There was chaos. At least for the two of us— fishes out of water who do not exactly know what we are doing.
Inside our heads were anxiety and panic and it was the kind of mentality we can’t afford to have at that moment.
“Golf, after all”, as Divya Ahuja, Assets Manager for Al Nahda, our Yoda for the day, said “is a mental game”.
“You do not compete with anyone but yourself,” he said.
We came without bringing anything. While everyone around us came prepared like soldiers in a battle.
There were about a hundred players at the event, a mix of professionals and amateurs of different age and background. The youngest was a kid, maybe around 15 and the oldest, maybe 70ish.
It was a Friday, October 20 and we were at the lavish Muscat Hills Golf & Country Club for the 5th Al Nahda Golf Tournament.
‘This year, it has gotten bigger. We have gotten a lot of inquiries about this event. But we have to close it at a certain number,” said Niti Hamlai, managing director for Al Nahda Hotels and Resorts when we first met her.
The game that day was an 18-hole Texas Scramble tournament which meant nothing to us at first. We were like listening to an ancient inscription being read — nothing of which makes sense.
“Texas Scramble is a team format game that is popular amongst ProAm golfing tournaments. You play with two or four balls where a two ball game indicates two people teaming up or a four ball, the chosen format for the event, is when a team of four play at the same time and then move to the best shot of the four for their second hit,” Divya said.
“All four members take the same shot and then a ball is chosen for the next. It is a fun yet informative way for Pros and amateurs to play the game together. The winner of this format of golf is determined by the highest numbers of birdies a team can achieve,” he added.
The prizes for the day were: business class tickets to Europe courtesy of Swiss Air, Swiss watches from Nuhas, and full night stays at the luxurious Dunes by Al Nahda. The tournament has become the talk of the town with the golfing crowds eagerly awaiting the event, the high turn outs and the esteemed sponsorships showcase the interest and excitement of those in Muscat.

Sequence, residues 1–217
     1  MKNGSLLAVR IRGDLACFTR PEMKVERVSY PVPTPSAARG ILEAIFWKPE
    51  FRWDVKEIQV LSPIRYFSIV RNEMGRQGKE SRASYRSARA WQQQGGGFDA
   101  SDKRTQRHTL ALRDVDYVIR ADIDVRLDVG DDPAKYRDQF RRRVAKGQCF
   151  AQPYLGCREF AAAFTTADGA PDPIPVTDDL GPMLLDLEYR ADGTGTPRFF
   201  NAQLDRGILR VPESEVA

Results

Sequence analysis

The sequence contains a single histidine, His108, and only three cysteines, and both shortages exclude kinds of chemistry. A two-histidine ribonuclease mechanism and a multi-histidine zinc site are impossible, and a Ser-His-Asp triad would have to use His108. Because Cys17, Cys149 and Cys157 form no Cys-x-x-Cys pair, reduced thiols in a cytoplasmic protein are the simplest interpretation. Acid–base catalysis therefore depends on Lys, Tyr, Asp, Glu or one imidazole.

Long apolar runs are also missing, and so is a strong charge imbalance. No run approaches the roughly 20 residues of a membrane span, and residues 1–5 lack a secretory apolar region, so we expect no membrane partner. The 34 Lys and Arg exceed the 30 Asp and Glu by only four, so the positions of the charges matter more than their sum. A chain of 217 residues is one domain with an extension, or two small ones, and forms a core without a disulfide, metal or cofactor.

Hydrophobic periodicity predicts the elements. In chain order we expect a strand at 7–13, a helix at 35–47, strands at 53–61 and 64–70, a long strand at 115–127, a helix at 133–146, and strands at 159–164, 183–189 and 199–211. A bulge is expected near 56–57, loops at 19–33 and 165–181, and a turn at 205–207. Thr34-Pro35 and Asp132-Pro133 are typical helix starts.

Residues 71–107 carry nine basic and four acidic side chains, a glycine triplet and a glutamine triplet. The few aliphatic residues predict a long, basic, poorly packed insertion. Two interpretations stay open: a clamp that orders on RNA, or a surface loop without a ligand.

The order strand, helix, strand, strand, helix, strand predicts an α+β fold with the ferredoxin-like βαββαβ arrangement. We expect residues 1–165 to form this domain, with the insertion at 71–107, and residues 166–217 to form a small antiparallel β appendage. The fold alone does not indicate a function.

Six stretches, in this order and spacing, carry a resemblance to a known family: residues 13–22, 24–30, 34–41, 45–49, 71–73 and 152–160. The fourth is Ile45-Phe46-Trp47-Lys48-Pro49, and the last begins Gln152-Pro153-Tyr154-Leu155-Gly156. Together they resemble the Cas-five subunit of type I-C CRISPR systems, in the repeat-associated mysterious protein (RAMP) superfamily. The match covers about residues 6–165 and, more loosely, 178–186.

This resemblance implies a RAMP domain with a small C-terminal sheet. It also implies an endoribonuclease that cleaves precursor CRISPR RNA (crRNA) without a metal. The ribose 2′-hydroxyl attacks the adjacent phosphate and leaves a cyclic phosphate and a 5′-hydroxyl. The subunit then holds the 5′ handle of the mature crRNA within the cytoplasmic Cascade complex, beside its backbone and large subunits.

A crash course on golf
Golf, misconstrued often as an ‘old man’s game’, has now become one of the top viewed and played sports in the world. Names like Tiger Woods and Justin Thomas have revamped this game for retirees and changed it into a game of agility and power.
Golf has now become a sport for the young, with players as young as 18/19 are playing this game that has for years been known as an old man’s sport. The misconception about the game is highly rooted in the luxuriousness of the game and the ample free time needed to play the sport, something that was previously only available to rich retirees. Today, Tiger woods, Justin Thomas and Rory McIlroy have bulked up, strengthened themselves and the game by adding power into the mix of angles and swings.
“It isn’t uncommon to see 14 and 16 year olds playing golf or practicing at the driving range these days. Golf is a game that requires a lot of physical energy as it requires you to play and walk for over 7 to 8 kilometers, so definitely not an old man’s game,” Divya shared.